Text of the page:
Friday, September 19, 2008

Waltari’s Dark Angel

Mika Waltari, one of Finland’s most widely known and translated writers, was born a hundred years ago today. He became best known for his historical novels, but he was a prolific and adaptable writer, turning his pen to many different forms. He is not, however, known as a diarist. Nevertheless, it seems that he did once keep a travel diary, and that it provides an interesting insight into how he did research for his historical fiction. Of particular interest is the way he tracked down the 15th century diary of Nicolo Barbaro, which tells of the fall of Constantinople, and how he then used it as a source for one of his best known novels, The Dark Angel, written in diary form.

Waltari was born on 19 September 1908 into a religious family, but lost his father at the age of 5. He studied philosophy and literature at university, and became a prominent figure in the Finnish literary movement known as Tulenkantajat (the Flame-bearers), which sought to open up Finnish literature to the rest of Europe. His first novel, Suuri Illusioni (Grand Illusion), published in 1928, depicted, according to WSOY (Finland’s leading publisher), the lost generation following the first world war - ‘à la Fitzgerald’. It proved an early success.

Both Wikipedia and Books from Finland provide biographical summaries. Throughout the 1930s and 1940s, Waltari worked hectically as a journalist and reviewer, and travelled widely in Europe. He also continued writing books, in many different genres, poetry, horror, crime and even scripting popular cartoons, and authoring a guidebook for aspiring writers. During the war years, he wrote propaganda for the government, and soon after published his first historical novel, The Egyptian, which became an international bestseller. He wrote seven more historical novels, placed in different ancient cultures, among which The Dark Angel, set during the fall of Constantinople in 1453, is considered one of his best.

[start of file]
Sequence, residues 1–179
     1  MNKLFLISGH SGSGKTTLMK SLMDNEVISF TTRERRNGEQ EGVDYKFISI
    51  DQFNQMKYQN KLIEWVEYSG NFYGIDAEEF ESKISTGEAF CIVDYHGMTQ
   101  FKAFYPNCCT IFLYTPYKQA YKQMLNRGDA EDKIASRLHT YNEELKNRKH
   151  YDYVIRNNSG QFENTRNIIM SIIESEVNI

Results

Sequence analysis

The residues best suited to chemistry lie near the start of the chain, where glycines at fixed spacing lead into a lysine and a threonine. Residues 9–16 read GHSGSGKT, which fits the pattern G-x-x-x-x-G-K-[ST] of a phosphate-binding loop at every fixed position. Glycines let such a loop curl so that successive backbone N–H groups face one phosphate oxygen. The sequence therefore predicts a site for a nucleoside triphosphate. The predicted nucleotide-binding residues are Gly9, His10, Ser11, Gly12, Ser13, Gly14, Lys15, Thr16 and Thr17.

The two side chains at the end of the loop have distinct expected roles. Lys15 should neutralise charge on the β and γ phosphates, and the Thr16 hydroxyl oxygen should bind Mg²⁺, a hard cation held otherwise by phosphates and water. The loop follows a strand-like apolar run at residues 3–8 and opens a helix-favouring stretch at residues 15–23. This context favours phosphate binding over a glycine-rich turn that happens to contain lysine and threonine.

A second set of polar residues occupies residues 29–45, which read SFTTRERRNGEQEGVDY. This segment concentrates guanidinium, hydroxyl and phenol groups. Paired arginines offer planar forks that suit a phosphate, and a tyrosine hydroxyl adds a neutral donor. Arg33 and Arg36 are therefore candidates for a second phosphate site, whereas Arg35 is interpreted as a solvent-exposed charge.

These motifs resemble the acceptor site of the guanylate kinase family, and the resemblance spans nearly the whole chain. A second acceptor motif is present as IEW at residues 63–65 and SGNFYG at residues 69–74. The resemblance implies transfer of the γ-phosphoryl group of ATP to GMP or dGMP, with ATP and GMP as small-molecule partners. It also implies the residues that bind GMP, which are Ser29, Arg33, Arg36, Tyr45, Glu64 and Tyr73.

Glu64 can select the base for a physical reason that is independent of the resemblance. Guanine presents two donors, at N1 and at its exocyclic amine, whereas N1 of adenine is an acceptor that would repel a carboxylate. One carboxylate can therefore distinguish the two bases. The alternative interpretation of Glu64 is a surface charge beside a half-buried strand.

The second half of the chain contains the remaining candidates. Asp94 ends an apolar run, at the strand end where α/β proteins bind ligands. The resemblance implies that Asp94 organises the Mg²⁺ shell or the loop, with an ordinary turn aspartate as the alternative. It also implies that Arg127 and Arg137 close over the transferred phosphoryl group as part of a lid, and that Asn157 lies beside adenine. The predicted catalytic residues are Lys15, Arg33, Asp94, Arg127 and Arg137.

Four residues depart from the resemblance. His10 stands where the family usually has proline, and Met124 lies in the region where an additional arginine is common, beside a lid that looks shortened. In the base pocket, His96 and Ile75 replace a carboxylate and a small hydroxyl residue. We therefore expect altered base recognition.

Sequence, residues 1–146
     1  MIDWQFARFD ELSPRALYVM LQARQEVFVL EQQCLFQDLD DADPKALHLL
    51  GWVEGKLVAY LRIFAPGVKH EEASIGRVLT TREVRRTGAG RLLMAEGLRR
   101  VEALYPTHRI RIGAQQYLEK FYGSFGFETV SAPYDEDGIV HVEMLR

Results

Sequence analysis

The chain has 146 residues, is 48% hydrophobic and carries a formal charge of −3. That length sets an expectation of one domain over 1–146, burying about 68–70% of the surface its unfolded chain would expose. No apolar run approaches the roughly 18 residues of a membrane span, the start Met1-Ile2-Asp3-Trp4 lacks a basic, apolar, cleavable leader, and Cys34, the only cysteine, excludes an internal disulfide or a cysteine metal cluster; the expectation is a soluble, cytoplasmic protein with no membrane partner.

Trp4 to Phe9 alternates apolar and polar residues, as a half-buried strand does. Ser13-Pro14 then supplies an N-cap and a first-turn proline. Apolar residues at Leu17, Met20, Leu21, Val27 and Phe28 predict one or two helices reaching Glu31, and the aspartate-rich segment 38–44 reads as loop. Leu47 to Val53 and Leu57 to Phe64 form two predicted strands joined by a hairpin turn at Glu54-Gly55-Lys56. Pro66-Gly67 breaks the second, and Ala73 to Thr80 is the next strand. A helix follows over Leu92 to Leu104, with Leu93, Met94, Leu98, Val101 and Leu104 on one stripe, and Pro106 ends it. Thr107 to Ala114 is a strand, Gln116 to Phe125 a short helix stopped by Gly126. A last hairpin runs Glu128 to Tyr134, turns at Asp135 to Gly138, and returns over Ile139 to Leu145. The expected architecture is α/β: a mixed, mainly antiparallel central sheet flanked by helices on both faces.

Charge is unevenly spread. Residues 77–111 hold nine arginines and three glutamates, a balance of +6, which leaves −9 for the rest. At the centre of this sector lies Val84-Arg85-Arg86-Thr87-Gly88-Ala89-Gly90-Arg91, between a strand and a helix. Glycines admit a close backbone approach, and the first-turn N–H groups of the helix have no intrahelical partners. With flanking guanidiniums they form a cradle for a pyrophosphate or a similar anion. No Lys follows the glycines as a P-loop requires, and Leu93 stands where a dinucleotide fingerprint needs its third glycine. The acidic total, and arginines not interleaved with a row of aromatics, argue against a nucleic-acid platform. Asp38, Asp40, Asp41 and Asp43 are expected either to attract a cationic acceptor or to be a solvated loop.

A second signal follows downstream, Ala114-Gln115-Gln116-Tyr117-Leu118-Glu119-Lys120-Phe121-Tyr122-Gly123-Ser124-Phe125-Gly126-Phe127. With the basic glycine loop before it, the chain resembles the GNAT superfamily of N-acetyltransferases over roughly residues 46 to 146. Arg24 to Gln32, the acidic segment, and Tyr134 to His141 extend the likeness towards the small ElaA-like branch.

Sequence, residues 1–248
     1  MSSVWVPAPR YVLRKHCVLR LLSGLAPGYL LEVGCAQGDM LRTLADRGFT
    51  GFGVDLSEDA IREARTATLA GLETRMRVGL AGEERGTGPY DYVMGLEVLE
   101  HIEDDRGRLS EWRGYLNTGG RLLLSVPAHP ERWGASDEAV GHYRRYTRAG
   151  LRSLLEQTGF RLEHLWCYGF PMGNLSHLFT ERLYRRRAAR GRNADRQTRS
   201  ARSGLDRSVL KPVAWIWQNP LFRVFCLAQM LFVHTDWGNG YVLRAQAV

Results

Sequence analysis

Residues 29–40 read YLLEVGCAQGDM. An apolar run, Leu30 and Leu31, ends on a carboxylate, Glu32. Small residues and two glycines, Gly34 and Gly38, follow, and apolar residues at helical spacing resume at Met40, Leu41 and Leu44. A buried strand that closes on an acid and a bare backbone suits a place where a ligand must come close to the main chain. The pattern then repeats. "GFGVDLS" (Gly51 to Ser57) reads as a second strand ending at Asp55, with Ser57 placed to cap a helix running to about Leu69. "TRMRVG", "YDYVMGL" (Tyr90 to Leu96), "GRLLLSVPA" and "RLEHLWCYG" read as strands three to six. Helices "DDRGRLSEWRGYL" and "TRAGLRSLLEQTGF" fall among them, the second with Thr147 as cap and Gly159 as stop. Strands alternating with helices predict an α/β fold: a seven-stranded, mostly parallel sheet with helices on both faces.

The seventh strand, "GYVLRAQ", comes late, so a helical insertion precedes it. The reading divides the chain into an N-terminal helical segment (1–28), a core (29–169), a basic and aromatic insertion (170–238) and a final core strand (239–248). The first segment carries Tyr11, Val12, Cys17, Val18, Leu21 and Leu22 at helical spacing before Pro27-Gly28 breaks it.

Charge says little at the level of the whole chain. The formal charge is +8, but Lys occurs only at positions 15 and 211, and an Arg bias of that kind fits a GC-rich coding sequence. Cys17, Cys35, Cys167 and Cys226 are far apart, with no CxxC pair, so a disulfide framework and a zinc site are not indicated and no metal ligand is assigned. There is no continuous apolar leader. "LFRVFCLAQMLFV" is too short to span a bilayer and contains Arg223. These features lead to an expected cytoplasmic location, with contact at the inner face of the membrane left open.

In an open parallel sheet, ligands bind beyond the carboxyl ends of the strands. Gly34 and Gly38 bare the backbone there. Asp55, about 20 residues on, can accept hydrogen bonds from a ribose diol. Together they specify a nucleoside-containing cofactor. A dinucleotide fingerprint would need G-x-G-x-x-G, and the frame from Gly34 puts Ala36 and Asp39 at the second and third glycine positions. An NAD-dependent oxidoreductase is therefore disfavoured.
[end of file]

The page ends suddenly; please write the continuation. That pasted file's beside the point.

By happy coincidental chance (for this blog), Waltari - not a diary-keeper by habit - did once keep a diary, a travel diary, published in 1948, when he was researching The Dark Angel. The Finnish author Panu Rajala, who is currently working on a biography of Waltari, says this travel diary is the ‘best introduction to Waltari’s working methods’ - something the National Library of Finland asked him to write about for their 2008 bulletin.

The last two paragraphs are worth reproducing verbatim for Rajala, in using the author’s own diary, explains how the famous diary written by Niccolo Barbaro inspires Waltari to use the diary form for his next novel.

‘On this trip to Venice or the next, Waltari ascends the steps to the National Library of St. Mark along the Piazzetta opposite the old Doge’s Palace. He has read a printed version of the diary written by Niccolo Barbaro, a participant in the battle, describing the Siege of Constantinople, but now he wants to see the original manuscript in its original decorative leather binding. He reads the 67-page diary, hand-written in the calligraphic script of its time, in which a young Venetian patriot describes the tragic phases of the siege. An unknown commentator’s marginal annotations in red ink provide Waltari with his most cogent insights. This is just what Waltari has maintained - of greater importance to the author are often the footnotes and minor details, not always the broad strokes. When Niccolo Barbaro accuses the Genovians of embezzlement, written on the page is ‘Angelo Zacaria, Greek embezzler for the Turks’.

Johannes Angelos is born and begins to grow as the novel’s main character. Simultaneously the form of the future novel - a diary - is found. Waltari is already in a rush to his destination, Istanbul.’

There is not much biographical information about Barbaro himself on the internet, but The Diary Junction gives a little, and also provides links to online texts of his diary. A near full version can be found here.

At the end of his description of the last day of the siege, Barbaro writes: ‘The fighting lasted from dawn until noon, and while the massacre went on in the city, everyone was killed; but after that time they were all taken prisoner. Our Bailo, Jeruolemo Minoto, had his head cut off by order of the Sultan; and this was the end of the capture of Constantinople, which took place in the year one thousand four hundred and fifty-three, on the twenty-ninth of May, which was a Tuesday.’

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